NEW YORK (AP) — Damien Chazelle’s Los Angeles musical “La La Land” was named best film of the year by the New York Film Critics Circle.
The group announced their picks Thursday on Twitter, spreading around their awards to a variety of Oscar contenders. The top award came as something of a twist after the critics’ early choices leaned toward Barry Jenkins’ coming-of-age portrait “Moonlight” and Kenneth Lonergan’s grief-filled drama “Manchester by the Sea.”
“Moonlight” won awards for best director (Jenkins), best cinematography (James Laxton) and best supporting actor (Mahershala Ali). “Manchester by the Sea” took best actor for Casey Affleck, best screenplay for Lonergan and best supporting actress for Michelle Williams. Williams was honored jointly for her performances in “Manchester by the Sea” and Kelly Reichardt’s “Certain Women.”
Best film was the sole award for “La La Land,” which opens next week. Chazelle’s film, starring Emma Stone and Ryan Gosling, also led the Critics’ Choice Awards nominations on Thursday with 12 nods.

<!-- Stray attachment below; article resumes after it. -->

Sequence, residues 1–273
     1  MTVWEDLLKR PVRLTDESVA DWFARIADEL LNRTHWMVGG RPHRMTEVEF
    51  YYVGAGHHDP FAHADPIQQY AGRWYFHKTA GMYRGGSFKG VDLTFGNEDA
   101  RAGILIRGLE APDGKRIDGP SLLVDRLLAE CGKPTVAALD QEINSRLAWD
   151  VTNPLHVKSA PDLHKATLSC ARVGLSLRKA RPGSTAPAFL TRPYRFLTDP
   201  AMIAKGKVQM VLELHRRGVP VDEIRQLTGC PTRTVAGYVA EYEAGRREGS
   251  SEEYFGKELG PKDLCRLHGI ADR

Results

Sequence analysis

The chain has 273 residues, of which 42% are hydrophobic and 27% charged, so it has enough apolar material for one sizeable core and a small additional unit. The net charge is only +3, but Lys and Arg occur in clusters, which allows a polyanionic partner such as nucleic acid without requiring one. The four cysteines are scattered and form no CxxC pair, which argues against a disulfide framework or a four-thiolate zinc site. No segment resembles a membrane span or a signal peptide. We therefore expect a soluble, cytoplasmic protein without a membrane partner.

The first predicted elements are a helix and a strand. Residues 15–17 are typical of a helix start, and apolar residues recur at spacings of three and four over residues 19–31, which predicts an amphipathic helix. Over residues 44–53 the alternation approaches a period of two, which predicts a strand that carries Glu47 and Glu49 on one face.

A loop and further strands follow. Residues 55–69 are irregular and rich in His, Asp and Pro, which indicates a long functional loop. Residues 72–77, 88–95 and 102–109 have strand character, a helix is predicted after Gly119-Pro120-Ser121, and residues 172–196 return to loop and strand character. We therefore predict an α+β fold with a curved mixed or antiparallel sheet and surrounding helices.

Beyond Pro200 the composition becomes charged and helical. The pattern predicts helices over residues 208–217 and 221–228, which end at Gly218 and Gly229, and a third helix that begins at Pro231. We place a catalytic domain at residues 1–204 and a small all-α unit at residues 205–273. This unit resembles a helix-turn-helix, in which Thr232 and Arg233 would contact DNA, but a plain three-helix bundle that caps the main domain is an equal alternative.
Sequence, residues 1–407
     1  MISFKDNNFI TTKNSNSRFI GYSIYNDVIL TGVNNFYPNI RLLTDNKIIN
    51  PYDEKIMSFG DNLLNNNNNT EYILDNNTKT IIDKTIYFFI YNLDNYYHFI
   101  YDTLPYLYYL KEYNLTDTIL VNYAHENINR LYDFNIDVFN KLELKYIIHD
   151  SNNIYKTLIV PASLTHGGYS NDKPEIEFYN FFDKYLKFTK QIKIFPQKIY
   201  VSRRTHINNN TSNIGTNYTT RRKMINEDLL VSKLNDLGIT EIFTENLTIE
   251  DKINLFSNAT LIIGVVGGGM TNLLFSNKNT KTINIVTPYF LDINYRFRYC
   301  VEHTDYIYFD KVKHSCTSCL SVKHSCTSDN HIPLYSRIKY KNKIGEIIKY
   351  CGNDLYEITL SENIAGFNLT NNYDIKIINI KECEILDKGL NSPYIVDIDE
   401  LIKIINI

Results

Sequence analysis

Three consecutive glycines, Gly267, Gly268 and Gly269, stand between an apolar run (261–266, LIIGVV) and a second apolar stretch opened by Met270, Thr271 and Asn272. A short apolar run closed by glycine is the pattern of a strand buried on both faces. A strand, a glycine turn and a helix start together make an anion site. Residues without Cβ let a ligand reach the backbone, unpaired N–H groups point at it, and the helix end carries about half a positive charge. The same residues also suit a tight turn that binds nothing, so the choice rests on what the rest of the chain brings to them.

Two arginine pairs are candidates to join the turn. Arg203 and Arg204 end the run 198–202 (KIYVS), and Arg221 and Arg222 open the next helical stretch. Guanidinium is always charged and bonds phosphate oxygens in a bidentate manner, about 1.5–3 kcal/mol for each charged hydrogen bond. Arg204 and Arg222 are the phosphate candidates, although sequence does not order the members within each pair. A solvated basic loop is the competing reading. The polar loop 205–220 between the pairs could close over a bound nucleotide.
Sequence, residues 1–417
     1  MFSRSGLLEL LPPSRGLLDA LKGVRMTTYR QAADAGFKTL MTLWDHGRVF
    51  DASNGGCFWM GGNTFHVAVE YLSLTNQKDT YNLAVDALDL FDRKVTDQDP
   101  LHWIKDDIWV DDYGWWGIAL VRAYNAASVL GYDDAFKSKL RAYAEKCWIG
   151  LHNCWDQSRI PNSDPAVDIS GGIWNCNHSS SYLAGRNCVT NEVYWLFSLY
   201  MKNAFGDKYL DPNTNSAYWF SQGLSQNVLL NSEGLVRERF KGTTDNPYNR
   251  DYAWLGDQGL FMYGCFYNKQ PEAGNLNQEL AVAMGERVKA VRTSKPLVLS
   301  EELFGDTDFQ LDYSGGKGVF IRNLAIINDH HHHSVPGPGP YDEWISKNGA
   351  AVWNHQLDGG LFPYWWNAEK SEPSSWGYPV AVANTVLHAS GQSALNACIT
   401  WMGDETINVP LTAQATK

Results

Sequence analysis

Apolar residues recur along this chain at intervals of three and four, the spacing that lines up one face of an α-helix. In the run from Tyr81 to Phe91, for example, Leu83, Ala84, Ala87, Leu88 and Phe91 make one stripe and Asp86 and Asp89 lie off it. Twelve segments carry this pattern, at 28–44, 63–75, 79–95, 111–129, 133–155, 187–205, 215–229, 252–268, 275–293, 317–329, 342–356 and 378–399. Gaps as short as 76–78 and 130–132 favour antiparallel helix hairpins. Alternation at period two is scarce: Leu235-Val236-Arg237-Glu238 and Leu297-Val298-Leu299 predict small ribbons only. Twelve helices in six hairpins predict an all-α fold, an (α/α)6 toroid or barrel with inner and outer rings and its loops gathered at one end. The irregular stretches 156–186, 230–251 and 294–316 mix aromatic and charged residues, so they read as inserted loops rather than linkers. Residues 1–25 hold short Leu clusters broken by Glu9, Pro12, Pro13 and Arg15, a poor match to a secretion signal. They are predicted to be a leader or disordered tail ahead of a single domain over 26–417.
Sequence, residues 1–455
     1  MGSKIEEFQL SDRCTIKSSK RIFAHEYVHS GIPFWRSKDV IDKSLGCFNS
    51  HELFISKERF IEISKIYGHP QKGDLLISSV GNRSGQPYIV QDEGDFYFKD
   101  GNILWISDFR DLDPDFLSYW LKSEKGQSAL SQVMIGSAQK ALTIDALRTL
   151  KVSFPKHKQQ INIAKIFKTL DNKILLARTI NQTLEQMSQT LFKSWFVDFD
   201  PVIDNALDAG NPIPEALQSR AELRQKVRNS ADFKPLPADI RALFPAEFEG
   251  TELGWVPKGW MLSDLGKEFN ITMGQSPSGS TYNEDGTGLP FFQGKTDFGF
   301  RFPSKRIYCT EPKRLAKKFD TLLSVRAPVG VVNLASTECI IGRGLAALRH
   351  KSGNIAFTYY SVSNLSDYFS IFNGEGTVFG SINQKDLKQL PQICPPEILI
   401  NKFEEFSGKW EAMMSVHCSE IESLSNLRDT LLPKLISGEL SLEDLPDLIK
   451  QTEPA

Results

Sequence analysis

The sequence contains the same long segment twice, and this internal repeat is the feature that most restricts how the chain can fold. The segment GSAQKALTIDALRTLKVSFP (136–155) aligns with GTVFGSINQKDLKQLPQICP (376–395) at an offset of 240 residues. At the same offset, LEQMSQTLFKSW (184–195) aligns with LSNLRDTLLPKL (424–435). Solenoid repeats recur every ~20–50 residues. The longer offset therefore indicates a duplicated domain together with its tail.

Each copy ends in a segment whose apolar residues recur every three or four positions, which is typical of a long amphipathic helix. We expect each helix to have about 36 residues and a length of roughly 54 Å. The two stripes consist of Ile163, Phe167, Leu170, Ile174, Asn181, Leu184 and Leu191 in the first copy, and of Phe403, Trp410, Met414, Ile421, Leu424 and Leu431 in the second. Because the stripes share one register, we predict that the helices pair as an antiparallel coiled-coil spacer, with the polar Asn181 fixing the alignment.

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Those three films — “La La Land,” ”Moonlight” and “Manchester by the Sea”— have been the favored critics’ choices in the early going of Hollywood’s awards season. “Moonlight” led the Gotham Film Independent Awards on Monday. “Manchester by the Sea” topped the National Board of Review Awards on Tuesday.
Each group, however, has its own quirks and other favorites — Denzel Washington’s “Fences” and Martin Scorsese’s late-arriving “Silence,” among others — are also in the mix. On Sunday, the Los Angeles Film Critics Association will make their picks.
The NYFCC, a body of several dozen New York-area critics, named Isabelle Huppert best actress for her lead performances in Paul Verhoeven’s “Elle” and Mia Hansen-Love’s “The Things to Come.” Best first-film was a tie between Kelly Fremon Craig’s teen comedy “The Edge of Seventeen” and Trey Edward Shults’ micro-budget family drama “Krisha.”
Special awards were also singled out for Thelma Schoonmaker, Scorsese’s longtime editor, and the 25th anniversary restoration of Julie Dash’s “Daughters of the Dust.”
Follow AP Film Writer Jake Coyle on Twitter at: http://twitter.com/jakecoyleAP